She composed a extraordinarily well-written and passionate article about this for The Tech entitled “Don’t Tap The Glass” and put up a website instructing you to “Love Music, Screw Pirates.” Within a few weeks, she was Slashdotted and Farked and recieved 60,000 hits on her article on The Tech’s website. Now she’s done radio interviews, appeared in an editorial in the LA Times, and is pictured in this week’s issue of ROLLING STONE.
I knew her when!
So this picture is of Cassi ’08 demonstrating the scurvy ways of her music piracy, and of Jeremy ’09 also acting like a pirate, probably just because it’s fun. ARR!
There was also entertainment on the cruise, described as “The most entertaining thing you might possibly see in your lives.” However, I have to say that I found it less entertaining than the television show “Strangers With Candy,” which I was watching the rest of the weekend. Here’s some girl singing “Boogie Wonderland” or something.
And here’s the beautiful Boston skyline at night. I think I can top Ben’s tales of nerd love with an incident that took place against this magnificent scenery: two anonymous ’08s, both taking 7.05: Biochemistry this term, were having a conversation in each other’s arms, presumably whispering sweet nothings in each others’ ears. The girl suddently let out a quiet giggle and said something aloud that resembled “like, NAD + hydrogen yields NADH.” And then they started kissing.
No, really. No. Really.
Coming soon: Dorm tours? Yes! Dorm tours!
Get down girl, go ‘head, get down.
My two questions of the day:
Why living in the East Coast means having no sunsets?
What is the advantage of owning a bicycle at MIT? I was not able to attend CPW so it is like hard to imagine how big is campus and how far are the buildings from the MIT map.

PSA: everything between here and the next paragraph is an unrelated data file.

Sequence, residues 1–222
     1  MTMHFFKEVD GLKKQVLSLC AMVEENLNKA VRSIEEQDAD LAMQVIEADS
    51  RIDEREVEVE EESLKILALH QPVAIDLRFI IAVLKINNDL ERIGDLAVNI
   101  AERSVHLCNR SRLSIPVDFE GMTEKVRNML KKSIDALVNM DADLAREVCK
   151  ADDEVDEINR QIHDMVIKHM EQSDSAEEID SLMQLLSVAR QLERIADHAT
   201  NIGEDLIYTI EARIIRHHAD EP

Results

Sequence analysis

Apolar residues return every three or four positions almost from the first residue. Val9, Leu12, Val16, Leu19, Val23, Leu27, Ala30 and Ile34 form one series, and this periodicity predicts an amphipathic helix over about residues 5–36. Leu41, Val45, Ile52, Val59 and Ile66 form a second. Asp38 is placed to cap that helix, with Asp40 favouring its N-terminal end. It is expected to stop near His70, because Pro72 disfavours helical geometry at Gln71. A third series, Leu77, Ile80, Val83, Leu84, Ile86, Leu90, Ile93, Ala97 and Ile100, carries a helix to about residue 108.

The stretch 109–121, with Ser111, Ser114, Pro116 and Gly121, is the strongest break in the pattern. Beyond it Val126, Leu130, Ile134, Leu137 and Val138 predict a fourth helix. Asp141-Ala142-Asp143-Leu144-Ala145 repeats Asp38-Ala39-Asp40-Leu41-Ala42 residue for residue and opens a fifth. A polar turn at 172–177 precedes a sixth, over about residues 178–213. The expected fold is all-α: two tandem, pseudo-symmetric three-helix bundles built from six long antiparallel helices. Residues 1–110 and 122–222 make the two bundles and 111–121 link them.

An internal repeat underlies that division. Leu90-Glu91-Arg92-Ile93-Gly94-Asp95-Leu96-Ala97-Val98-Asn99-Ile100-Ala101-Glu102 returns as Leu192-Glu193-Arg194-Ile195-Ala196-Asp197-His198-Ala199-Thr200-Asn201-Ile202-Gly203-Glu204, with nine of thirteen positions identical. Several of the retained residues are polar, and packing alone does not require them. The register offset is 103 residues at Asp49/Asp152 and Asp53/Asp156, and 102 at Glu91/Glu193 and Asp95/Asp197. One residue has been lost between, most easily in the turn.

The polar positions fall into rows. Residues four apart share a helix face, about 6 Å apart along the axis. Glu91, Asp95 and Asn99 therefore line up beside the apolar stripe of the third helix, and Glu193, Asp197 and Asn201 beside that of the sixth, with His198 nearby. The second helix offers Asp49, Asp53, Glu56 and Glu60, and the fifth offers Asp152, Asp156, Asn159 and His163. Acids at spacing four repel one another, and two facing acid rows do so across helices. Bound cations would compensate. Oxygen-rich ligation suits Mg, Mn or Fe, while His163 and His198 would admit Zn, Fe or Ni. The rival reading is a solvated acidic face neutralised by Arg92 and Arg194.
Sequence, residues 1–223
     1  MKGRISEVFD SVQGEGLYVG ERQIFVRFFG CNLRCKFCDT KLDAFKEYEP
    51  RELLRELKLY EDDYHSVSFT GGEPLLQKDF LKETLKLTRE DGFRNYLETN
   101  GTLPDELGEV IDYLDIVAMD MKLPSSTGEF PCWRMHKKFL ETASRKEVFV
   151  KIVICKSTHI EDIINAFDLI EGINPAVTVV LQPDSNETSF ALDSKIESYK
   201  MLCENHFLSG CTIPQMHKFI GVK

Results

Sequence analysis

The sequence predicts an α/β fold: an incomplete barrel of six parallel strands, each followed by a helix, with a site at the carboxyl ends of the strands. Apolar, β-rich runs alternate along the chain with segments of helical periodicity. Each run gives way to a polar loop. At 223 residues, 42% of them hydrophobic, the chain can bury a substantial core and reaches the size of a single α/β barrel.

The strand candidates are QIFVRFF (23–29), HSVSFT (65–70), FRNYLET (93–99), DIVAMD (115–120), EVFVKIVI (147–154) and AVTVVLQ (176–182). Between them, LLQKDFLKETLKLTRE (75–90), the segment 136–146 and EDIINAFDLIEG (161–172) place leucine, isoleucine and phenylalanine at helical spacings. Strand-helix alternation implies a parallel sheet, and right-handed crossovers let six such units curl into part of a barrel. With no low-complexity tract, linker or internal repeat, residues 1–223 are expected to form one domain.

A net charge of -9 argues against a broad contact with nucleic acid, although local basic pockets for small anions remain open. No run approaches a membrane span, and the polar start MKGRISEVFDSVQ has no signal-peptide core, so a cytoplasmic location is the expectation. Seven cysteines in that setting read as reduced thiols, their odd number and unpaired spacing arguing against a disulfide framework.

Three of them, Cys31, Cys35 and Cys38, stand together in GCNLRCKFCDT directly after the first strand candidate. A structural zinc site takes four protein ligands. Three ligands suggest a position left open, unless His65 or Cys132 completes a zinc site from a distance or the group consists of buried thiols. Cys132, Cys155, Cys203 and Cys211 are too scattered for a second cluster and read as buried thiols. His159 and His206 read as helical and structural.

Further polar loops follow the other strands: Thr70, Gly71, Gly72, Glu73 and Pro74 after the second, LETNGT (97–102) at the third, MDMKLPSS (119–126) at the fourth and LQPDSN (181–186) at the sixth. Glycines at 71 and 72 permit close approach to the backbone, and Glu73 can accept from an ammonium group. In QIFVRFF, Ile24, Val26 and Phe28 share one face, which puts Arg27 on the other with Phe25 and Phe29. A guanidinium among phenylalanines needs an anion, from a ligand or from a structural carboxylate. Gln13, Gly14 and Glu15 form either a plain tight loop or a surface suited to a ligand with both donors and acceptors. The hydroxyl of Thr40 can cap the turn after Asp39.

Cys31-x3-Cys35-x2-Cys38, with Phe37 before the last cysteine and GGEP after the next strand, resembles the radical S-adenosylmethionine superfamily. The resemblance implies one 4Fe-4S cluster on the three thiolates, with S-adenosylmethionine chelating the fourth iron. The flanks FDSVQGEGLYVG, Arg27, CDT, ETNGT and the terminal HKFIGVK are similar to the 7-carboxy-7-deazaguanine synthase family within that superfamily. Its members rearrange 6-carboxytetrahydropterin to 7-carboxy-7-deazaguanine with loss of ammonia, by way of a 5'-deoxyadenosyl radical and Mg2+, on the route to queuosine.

Thanks a lot for your help Sam.
looks like u are a huge zeppelin fan sam…
looks like u are a huge zeppelin fan sam…
Haha. Dating geeks is the best. Love notes in handwritten Hex code, anyone? Yeeeah…good times…looks like you guys had a great party and a great break from the usual hectic routine. In other news, AP Calc BC test tomorrow! (eep.) On that subject, what’s the whole AP deal at MIT like?
sam, what are you talking about. Boston has the best sunsets i’ve ever seen in my life primarily due to the wonderful effects of smog. if you are in doubt, i can show you pictures taken from any number of days from various places: the bridge, the turf, on a boat sailing, etc.
To clarify, what I meant was that there are no sunsets over the water, which I think are the best kind, with the light reflecting off the endless sea. Although, as Ling pointed out, smog does make for some of the most vivid sunsets and sunrises that I’ve ever seen. One day I woke up and the sky was literally purple.
I have a bike, and it’s pretty awesome. There are never enough places to park it at the dorm, and I’m a wuss who doesn’t ride when it’s cold (6 months of the year), but it can make it easier to get to the more distant classes (read: if you’re majoring in 4, 17, 15).
If you’re not in 4, 17, or 15, or live off campus, you really don’t need one. I mean, it’s cool, but I’ve never been like “damn, that never would have worked without my bike.” It lets me be lazy some days and sleep later, and is nice for Haymarket trips, but you can definitely live a successful life without one.
I think Next House to Sloan (all down Mem Drive) is about a mile. So if you live at Next and are management, get a bike. Otherwise, safe the money and worry about theft.
Write a novel. Please. About anything, really.
Sam, you are hot with glasses.